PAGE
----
I’m on a team of developers working on synthetic device drivers for FreeBSD
on Hyper-V. In late March, I briefly mentioned (on this list) that we're
trying to get our drivers included with the FreeBSD distribution. Also
noted were some necessary patches to the ATA driver. The changes are
necessary to achieve significant performance gains by replacing the native
ATA driver with our synthetic storage driver when when Hyper-V is detected.
Alexander Motin, the maintainer of the ATA code-base, however, expressed
some concerns about making these modifications that are so specific to
Hyper-V and the AMD64 build. We understand his concerns and have
subsequently removed these patches from our vendor branch. Our drivers are
now completely independent and require no changes to the kernel or other
drivers. The only touch-point is the common makefile for modules/drivers.

Removing our ATA patches, on the other hand, results in a huge performance
loss. This is because the root file system is managed by the ATA driver,
which is emulated under Hyper-V. Furthermore, there may be other native
drivers that we wish to replace with synthetic ones at boot time (e.g.,
mouse driver, video driver), but, there appears to be no easy way to do
this.Therefore, we would like to work with the developer community to come
up with better solution that would improve support for synthetic drivers at

One possible solution:

(1) Move the call to init_param1() (in sys/kern/subr_parm.c), which is used
for hypervisor detection, to an earlier point in the boot process.
Presently, it appears to be called after the ATA driver is selected, which
is too late in the boot process. (This was discovered after some testing
with the ATA driver.) Therefore, before the bus drivers and native
controllers are detected and selected, discovery of a host hypervisor
should be done first.

(2) Extend the boot process to dynamically insert and prioritize synthetic
drivers over native ones. Presently, FreeBSD supports the selection of
generic drivers for a given device, but these can be overridden when a more
specific driver is available. This priority scheme could be extended by
first detecting the presence of a hypervisor, then allowing this priority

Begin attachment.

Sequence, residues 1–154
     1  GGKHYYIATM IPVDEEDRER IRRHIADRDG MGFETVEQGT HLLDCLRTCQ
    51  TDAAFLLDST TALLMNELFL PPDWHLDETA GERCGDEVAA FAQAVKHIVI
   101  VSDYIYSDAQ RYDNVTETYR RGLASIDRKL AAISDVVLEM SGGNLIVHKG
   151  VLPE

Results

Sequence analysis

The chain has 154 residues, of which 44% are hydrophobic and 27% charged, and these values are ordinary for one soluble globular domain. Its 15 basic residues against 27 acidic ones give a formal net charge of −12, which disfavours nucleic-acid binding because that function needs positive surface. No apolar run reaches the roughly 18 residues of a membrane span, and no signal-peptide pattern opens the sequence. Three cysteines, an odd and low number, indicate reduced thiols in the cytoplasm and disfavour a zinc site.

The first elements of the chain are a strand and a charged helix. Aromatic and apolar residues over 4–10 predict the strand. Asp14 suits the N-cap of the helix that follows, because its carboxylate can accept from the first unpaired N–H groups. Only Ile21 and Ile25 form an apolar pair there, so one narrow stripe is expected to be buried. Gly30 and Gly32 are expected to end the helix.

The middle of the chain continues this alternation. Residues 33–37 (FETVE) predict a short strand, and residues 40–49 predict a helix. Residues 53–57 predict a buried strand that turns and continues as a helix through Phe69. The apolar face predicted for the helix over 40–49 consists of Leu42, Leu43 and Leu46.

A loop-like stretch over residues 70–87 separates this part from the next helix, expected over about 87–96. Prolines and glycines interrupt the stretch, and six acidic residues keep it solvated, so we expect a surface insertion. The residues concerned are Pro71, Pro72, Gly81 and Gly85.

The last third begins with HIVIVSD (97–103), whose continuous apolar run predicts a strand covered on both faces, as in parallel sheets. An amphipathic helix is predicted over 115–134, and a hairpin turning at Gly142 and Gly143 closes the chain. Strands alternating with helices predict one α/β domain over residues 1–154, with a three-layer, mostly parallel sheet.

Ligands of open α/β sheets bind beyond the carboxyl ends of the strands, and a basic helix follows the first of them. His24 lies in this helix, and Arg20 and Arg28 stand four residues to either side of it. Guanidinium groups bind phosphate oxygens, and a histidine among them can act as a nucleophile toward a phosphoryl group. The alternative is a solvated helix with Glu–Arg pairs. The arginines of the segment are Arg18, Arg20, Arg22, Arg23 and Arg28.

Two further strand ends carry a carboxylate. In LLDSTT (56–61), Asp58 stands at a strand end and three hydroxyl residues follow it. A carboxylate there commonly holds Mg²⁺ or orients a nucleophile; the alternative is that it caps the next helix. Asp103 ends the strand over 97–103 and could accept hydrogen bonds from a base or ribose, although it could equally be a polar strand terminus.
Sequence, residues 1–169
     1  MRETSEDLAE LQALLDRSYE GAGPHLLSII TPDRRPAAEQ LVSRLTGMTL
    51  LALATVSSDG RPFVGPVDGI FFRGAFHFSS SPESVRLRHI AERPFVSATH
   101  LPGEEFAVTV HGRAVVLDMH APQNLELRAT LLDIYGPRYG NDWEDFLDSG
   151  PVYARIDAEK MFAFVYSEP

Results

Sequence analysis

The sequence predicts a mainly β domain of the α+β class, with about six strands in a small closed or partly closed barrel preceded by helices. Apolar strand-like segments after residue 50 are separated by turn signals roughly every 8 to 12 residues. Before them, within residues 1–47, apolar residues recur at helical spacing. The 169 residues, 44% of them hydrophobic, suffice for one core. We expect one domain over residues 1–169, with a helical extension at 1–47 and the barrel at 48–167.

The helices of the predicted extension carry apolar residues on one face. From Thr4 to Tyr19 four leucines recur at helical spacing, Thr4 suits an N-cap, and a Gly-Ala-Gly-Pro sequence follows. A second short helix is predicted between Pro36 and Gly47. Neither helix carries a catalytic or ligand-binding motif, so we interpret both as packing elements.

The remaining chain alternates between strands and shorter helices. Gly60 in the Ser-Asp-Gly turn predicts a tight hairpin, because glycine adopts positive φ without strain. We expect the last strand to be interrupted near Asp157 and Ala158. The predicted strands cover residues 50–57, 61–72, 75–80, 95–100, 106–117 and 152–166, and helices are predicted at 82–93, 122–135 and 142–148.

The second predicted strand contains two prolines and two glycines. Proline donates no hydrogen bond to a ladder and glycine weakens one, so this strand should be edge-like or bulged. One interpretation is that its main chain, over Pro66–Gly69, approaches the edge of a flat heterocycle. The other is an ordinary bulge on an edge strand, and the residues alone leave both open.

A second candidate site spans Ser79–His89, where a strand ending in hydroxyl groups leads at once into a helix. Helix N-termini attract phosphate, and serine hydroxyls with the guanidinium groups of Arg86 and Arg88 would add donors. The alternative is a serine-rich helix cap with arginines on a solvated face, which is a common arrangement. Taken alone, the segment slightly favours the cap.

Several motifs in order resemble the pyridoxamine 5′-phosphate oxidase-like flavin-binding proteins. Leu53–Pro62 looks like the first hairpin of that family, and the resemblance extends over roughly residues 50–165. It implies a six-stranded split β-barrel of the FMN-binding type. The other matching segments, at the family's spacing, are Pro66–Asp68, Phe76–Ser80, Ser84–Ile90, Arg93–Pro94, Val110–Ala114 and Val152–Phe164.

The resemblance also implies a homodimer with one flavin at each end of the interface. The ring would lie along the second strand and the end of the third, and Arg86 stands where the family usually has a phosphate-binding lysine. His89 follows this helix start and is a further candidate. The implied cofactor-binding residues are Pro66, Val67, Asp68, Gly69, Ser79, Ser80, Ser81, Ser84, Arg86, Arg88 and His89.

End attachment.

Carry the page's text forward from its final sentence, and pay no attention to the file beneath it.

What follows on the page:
mechanism to override the native drivers with their synthetic cousins
(i.e., we only want to override a native driver when a specific hypervisor
is detected and synthetic drivers for it have been configured). This could
be arranged in a separate, table-driven, input file or perhaps, by
extending the existing driver/module configuration file with additional
mappings of native to synthetic drivers.

(3) Upgrade the init_param1() function (in sys/kern/subr_parm.c) to use the
more recent approach to hypervisor detection. This approach uses the
CPU-identify functions to retrieve a unique signature consisting of a fixed
string of ASCII characters. This was done on Linux about five years. For
backward compatibility, however, the existing logic would be retained, but
augmented with this new approach. It would also be conditionally added only
for x86/AMD64 builds.

When reviewing the changes we're not looking at a lot of lines of code.The
difficultly lies, however, in where the changes are made. Obviously, we
need to work closely with the committers responsible for the kernel modules
we're looking to touch. Retrospectively, these upgrades only bring FreeBSD
up to the same level of hypervisor support already present in Linux.There
are other issues that we would also like to discuss, but the improvements
described here are on the top of the list.

We look forward to working more closely with the FreeBSD community and
welcome your remarks and feedback on this proposal.

Larry Melia
freebsd-virtualization@freebsd.org mailing list
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